Francis Cholle, CEO and Founder of The Human Company, is especially fascinated by how intuitive decision making can lead to better business. In his book, The Intuitive Compass, Cholle discusses how intuition can be used to help companies weather change. He posits that the best way to reintegrate intuition is to have a dialogue with it—to pay attention to our random, seemingly nonsensical hunches that tell us when something is wrong, when to call a friend, or even when to wear a certain outfit. One can strengthen this dialogue by journaling, getting quiet, or finding solitude.

I inhaled Cholle’s advice. Eventually, the gut feeling regarding my relationship became too strong to ignore, and my ex and I painfully went our separate ways. But once I was out of the relationship, like clockwork, I worried that it had been the wrong decision to leave, and strived to rekindle that sense of knowing that led me to end the relationship in the first place. Shouldn’t I, someone who journaled, meditated, and researched the fuck out of intuition, have more clarity by now?

If anxiety is a shrieking three-year-old, intuition is a hushed grandmother knitting in the corner.

Apparently not; obsessing over intuition can make it more difficult to distinguish. According to the Association for Psychological Science, intuitive performance plummets in the midst of anxiety—something especially common before or after one makes a big decision. This explains why it can be harder to hear our intuition during moments of crisis. We’re so obsessed with making “the right choice” that we become overwhelmed with thoughts and options, and are then cut off from our gut instincts. If anxiety is a shrieking three-year-old, intuition is a hushed grandmother knitting in the corner.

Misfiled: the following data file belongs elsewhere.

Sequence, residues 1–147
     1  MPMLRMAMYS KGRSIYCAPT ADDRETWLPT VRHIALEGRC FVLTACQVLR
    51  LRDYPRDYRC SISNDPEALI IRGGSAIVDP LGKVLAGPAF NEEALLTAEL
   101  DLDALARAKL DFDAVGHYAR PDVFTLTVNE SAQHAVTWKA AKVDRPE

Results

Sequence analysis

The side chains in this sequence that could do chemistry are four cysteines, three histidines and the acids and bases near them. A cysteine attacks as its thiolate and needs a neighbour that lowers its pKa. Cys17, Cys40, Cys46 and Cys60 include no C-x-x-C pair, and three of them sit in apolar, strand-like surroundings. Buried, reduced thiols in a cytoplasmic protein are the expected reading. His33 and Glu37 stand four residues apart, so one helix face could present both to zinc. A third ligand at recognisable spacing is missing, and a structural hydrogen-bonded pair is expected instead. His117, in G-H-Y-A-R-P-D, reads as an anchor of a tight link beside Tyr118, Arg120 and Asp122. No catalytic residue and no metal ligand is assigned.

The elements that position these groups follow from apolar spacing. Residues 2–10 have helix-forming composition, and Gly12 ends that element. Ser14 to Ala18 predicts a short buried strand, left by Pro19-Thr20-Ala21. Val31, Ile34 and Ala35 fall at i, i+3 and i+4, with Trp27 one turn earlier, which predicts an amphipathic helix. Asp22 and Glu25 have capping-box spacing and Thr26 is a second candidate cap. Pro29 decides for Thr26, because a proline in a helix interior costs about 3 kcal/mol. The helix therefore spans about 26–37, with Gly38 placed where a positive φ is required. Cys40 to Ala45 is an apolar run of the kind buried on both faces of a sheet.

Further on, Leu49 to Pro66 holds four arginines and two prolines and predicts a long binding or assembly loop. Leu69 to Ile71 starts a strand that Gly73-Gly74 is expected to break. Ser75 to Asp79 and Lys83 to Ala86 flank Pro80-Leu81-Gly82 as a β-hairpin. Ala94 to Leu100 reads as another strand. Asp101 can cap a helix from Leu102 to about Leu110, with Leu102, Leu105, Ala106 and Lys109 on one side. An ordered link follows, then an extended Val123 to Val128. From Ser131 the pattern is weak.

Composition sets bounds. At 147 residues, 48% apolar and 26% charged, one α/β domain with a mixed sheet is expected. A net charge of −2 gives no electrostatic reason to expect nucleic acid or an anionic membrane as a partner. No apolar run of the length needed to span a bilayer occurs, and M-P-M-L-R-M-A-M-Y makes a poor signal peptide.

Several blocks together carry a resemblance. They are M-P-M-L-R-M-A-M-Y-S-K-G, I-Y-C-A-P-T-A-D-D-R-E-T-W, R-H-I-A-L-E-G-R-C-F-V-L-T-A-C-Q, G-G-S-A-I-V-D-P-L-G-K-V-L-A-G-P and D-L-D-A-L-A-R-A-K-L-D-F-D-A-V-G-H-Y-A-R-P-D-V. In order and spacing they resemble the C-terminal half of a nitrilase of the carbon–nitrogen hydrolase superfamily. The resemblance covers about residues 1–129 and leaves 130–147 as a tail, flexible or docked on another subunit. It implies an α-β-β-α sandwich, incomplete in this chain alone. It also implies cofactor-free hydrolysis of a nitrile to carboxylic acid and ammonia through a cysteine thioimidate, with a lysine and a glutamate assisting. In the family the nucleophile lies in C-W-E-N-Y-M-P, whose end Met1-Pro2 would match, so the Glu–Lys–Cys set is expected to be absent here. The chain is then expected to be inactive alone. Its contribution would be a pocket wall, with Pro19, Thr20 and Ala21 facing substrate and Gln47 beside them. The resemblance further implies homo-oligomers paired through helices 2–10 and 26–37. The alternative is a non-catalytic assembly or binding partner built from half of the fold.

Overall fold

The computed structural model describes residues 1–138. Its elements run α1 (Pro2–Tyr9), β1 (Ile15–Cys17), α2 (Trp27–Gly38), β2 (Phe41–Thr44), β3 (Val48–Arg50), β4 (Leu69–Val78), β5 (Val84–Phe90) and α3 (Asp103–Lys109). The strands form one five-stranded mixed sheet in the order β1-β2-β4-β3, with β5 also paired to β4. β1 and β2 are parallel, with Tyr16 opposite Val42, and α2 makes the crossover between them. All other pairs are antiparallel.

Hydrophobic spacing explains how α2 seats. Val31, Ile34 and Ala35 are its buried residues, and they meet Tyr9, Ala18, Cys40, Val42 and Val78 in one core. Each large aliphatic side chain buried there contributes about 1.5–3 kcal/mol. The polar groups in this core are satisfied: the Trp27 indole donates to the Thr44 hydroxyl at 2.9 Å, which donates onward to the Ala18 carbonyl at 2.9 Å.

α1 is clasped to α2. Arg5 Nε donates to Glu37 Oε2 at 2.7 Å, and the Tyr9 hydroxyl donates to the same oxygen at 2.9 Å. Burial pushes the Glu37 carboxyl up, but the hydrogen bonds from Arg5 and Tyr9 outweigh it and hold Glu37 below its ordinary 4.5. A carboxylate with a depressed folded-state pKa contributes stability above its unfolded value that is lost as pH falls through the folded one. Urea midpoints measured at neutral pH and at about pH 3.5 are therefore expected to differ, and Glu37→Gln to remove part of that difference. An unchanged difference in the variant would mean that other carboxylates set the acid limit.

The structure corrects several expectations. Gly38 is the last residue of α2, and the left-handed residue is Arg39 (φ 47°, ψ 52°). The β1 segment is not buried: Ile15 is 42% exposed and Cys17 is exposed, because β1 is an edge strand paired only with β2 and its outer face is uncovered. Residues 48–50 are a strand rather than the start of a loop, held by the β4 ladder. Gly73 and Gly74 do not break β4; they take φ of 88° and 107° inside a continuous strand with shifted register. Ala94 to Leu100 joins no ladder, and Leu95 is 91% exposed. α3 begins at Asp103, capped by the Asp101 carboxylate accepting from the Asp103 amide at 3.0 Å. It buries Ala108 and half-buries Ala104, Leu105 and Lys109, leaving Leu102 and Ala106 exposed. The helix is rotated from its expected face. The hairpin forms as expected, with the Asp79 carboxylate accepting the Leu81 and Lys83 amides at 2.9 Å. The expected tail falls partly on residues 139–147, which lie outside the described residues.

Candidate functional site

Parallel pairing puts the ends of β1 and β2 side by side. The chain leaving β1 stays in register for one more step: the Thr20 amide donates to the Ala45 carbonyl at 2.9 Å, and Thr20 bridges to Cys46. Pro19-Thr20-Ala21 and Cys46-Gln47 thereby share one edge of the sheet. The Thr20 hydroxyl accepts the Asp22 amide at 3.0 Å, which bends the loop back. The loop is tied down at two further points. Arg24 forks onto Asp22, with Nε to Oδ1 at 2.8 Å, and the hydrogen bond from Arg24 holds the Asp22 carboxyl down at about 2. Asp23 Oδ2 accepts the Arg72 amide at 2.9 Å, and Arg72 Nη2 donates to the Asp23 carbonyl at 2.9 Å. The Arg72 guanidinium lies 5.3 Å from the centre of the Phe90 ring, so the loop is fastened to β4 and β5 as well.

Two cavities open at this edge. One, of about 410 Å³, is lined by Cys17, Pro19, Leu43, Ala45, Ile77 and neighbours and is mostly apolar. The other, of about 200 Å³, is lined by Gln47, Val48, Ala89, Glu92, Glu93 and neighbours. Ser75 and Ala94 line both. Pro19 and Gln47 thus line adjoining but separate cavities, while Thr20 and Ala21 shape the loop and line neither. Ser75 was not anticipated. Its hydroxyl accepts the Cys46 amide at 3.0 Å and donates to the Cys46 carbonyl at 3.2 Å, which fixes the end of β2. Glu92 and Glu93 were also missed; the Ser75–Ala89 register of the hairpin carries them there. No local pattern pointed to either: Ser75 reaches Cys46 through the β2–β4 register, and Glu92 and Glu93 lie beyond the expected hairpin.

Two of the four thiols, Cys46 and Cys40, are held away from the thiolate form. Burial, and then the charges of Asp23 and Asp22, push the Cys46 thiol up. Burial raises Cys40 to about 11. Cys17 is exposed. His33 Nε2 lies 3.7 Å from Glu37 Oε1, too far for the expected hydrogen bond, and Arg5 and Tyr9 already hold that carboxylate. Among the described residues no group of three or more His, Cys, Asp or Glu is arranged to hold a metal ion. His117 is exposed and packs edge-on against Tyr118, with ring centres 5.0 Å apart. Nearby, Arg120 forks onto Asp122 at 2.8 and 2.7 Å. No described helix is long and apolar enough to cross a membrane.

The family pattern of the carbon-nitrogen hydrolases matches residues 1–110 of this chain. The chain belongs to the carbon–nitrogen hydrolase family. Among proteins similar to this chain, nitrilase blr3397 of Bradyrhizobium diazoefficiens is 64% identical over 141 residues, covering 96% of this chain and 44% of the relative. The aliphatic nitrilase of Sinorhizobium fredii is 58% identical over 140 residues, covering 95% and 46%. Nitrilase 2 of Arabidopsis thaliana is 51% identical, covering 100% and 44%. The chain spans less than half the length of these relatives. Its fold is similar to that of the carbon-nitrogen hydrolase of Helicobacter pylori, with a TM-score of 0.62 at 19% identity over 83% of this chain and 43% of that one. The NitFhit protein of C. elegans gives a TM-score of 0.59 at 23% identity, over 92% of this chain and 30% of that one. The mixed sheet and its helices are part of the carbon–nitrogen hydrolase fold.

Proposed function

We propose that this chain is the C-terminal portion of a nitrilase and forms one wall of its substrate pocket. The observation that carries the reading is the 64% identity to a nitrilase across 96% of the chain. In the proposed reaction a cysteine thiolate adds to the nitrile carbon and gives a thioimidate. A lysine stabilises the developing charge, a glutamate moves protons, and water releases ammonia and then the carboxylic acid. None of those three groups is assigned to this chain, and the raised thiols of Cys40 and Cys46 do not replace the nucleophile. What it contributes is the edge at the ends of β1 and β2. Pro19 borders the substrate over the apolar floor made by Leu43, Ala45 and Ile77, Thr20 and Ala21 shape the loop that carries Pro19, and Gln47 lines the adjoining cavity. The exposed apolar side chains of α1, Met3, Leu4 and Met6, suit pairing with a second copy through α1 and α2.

Researchers hypothesize that this may be connected to self-confidence, as feelings of fear, doubt, and anxiety make it harder to trust ourselves. Listening to your intuition (ironically) goes deeper than simply observing your feelings, because the emotions we have in response to our guts can muddle up the process. In my case, I was having fearful reactions to the intuitive thought that ending the relationship was the right thing to do. So how exactly does one tell the difference?

Find your true north Graphic

“The voice of your intuition is neutrality,” says Jessica Lanyadoo on her show Ghost of a Podcast. “You might have a fear crop up immediately after you have an intuitive insight, but intuition is neutral.”

In other words, our intuition is steady and rational, while our responses to it might not be. Important decision-making, like debating whether to take a job or call an ex, might also spur anxiety, which can ultimately separate from the calm hum of intuitive thought. In these cases, it might be best to take action and know that intuition will come when and where it needs to.

One of the best pieces of advice I’ve ever received on this topic was from a therapist when I was making a difficult professional decision. “Sometimes 70 percent is enough,” she said. The words were like a life raft pulling me to a shore where uncertainty was okay. “Often times, you won’t get a full-blown yes to saying something is right for you. You get an inkling.”

I agree that Cholle’s advice to journal, get quiet, and find solitude are beneficial in soliciting mindfulness, but I also believe that obsessing over a sense of “knowing” may keep us at a standstill. My quest for intuition revealed my burning desire for certainty—something that doesn’t always exist. We may not ever be a 100 percent sure about a decision, but if we’re 70, even 51 percent, that’s okay too. It’s not about having all of the answers, but rather using the information we have to make the best decisions we can.

Graphics by Coco Lashar